I was kind of a bad ass kid.
This is a picture of me at two and a half, about to careen down an unsecured, hot metal slide with essentially no sides and the adult in charge of my safety standing fifteen feet away with a camera in his hands. I grew up before the term helicopter parenting existed, raised by a stay at home dad who taught me how to play five card draw, how to fight (a shot straight to the nose and they’re in too much pain to fight back), and encouraged sibling love by having us compete for the most pull-ups on a bar hung from the maple tree in our backyard. Add to that genetics and a grandfather who was known to kick people’s asses for offenses ranging from pointing out his short stature to breathing wrong and you can imagine that I was an aggressive kid.
And you would be right.
I have a master’s degree in psychological services in education from a snooty Ivy League school so at this point in the post you might expect me to write at length about the causes of childhood aggression as well as the very clinical strategies for ending said aggression. But I’m not going to do that and here is why. It’s okay that
some many most kids have aggressive moments.
Recently a friend shared that his two plus year old son had a not so pleasant moment in public where he brought the baby smack down to another little one who had gotten too close to his personal space (i.e. the store’s public play area). This doesn’t mean that his child is destined for a lifetime of brawls, but instead shows that his little guy had a moment of extreme frustration and chose to act out physically. In his tiny two year old tool kit, a slap/hit/punch/kick/bite was the most effective strategy to communicate the message he needed to convey – “Back up off of my stuff, yo.” As he grows and finds other coping strategies, that physical aggression will be replaced with age appropriate reactions to pushy babies…when they are age appropriate. For example, I can now throat punch people (in my mind) with careful word choice, deep breaths, my ability to walk away, and dark chocolate. In fact, I’d bet that very few of us who were known for some major butt kicking as children now find ourselves in fist fights, and only a small percentage of us required years of therapy and pharmaceuticals to get there.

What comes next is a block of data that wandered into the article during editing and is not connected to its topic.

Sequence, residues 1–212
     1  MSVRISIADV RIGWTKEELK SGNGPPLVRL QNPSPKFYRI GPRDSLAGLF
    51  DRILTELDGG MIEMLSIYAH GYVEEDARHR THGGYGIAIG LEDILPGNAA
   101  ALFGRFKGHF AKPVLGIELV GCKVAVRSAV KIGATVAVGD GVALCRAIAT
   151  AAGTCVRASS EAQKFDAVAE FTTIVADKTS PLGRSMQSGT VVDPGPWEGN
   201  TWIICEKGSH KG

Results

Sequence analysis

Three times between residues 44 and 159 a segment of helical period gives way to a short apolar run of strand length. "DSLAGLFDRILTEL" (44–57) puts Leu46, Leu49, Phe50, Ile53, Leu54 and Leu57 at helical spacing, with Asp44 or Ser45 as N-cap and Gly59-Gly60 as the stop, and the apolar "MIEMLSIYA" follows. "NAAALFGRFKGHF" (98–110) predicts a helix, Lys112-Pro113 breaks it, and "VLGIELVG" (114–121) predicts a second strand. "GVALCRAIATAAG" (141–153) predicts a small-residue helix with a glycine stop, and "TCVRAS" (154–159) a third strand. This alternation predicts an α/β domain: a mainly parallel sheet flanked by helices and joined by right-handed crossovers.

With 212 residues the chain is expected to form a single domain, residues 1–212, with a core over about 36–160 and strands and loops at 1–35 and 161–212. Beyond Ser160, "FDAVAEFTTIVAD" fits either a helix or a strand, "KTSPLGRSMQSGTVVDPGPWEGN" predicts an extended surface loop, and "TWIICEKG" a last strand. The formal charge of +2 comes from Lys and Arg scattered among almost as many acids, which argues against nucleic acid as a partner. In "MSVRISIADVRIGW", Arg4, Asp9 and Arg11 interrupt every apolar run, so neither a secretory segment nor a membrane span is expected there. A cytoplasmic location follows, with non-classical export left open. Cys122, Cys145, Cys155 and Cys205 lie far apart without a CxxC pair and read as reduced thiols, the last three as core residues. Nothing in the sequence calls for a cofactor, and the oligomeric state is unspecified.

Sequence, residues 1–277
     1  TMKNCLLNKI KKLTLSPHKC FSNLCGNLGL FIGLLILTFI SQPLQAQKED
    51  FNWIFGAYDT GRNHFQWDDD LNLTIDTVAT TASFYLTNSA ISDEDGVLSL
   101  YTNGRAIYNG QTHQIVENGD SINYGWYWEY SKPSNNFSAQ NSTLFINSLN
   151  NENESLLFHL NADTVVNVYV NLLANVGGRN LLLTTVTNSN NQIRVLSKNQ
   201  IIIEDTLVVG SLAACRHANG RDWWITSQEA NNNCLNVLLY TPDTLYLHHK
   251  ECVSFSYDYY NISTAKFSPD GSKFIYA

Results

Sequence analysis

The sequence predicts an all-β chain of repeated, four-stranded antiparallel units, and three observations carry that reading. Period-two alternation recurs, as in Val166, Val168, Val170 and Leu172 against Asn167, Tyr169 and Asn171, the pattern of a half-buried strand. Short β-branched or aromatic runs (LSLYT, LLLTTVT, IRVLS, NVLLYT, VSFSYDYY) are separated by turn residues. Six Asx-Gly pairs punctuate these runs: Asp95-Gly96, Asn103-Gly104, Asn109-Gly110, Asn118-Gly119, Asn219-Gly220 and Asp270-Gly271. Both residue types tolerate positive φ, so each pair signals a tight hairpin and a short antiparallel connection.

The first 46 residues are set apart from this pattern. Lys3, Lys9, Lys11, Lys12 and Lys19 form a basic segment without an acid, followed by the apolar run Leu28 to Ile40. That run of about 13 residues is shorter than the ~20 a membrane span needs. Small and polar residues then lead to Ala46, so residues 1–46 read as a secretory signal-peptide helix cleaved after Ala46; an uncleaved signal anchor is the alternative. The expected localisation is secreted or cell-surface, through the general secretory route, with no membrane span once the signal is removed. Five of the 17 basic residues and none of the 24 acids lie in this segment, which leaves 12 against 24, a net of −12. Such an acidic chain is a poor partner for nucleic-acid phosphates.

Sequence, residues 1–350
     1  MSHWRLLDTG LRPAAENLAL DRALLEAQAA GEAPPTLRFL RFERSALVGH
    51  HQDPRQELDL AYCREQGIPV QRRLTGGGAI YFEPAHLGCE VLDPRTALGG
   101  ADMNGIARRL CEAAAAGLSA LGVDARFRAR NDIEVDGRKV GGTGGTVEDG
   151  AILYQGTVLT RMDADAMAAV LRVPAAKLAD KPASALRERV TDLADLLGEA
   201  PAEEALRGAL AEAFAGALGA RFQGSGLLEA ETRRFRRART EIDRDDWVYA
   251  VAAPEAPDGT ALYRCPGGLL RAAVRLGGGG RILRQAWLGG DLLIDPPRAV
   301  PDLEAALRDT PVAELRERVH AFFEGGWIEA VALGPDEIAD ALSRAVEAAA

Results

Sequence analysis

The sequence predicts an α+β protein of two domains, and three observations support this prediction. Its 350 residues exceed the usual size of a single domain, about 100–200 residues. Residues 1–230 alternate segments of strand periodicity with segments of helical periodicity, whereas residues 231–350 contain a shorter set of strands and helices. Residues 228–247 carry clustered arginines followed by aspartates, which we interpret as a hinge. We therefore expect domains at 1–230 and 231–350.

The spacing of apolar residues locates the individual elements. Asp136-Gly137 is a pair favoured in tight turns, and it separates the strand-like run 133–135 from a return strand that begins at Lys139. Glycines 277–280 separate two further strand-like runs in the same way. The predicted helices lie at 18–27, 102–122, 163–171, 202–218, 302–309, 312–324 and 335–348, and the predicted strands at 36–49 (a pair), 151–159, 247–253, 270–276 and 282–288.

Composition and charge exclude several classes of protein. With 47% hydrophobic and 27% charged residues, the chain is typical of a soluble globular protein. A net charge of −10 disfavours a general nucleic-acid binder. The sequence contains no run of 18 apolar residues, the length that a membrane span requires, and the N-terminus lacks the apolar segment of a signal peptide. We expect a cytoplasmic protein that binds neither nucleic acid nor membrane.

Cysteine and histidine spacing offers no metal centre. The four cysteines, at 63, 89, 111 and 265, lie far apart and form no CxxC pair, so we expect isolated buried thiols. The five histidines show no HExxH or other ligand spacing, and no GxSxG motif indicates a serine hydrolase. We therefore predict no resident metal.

We need to remember that as parents it is more important that we are responsible to our children than responsible for them.
Going through life apologizing for our children’s behavior does nothing to help them grow into healthy, happy adults and does so much to break us down.
So parents, hang in there, stop apologizing, stop beating yourself up, and take heart – I haven’t punched anyone since junior high. I promise it gets better.